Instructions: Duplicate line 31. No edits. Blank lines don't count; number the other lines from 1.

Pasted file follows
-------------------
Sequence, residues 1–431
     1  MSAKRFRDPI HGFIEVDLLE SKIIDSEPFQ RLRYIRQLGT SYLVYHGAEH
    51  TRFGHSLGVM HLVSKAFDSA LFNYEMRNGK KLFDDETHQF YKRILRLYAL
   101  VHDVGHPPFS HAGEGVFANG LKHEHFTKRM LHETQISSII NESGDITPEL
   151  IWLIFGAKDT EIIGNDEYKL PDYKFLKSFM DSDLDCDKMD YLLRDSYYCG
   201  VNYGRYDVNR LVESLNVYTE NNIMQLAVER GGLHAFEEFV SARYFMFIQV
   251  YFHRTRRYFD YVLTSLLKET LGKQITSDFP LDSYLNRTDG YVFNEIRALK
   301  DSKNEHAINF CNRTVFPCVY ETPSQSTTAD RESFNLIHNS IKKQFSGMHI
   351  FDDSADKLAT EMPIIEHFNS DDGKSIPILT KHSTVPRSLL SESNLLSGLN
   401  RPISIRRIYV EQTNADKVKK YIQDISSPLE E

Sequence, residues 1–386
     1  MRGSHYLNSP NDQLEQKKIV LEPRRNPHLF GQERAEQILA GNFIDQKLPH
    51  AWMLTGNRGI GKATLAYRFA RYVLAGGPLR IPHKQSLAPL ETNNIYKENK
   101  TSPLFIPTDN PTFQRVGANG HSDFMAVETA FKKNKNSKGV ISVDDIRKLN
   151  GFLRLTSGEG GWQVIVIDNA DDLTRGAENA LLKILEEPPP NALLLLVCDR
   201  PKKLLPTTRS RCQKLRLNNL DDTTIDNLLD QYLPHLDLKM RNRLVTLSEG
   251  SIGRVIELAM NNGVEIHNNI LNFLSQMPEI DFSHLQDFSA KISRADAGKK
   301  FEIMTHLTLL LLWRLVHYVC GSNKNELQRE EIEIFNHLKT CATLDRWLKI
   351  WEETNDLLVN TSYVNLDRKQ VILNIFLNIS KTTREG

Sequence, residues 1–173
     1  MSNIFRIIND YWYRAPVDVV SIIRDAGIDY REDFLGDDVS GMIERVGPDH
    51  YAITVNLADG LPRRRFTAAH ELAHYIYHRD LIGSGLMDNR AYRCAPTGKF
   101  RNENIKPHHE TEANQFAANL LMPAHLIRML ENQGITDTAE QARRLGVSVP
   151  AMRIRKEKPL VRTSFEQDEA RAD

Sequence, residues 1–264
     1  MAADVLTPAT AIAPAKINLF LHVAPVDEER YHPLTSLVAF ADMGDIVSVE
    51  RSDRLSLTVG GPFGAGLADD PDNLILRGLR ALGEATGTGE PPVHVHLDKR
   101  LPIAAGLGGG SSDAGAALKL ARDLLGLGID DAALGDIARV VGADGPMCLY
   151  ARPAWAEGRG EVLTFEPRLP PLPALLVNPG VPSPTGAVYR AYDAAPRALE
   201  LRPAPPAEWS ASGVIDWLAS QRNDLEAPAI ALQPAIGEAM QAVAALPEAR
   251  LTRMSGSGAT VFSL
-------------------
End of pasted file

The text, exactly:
   251  LTRMSGSGAT VFSL